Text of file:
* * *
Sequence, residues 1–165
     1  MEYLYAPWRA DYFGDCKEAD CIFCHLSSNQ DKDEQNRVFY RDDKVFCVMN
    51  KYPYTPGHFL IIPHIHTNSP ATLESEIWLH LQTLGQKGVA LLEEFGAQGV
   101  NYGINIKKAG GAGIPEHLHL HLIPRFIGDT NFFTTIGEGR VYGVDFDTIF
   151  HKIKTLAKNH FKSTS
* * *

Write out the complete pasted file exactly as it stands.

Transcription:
Sequence, residues 1–165
     1  MEYLYAPWRA DYFGDCKEAD CIFCHLSSNQ DKDEQNRVFY RDDKVFCVMN
    51  KYPYTPGHFL IIPHIHTNSP ATLESEIWLH LQTLGQKGVA LLEEFGAQGV
   101  NYGINIKKAG GAGIPEHLHL HLIPRFIGDT NFFTTIGEGR VYGVDFDTIF
   151  HKIKTLAKNH FKSTS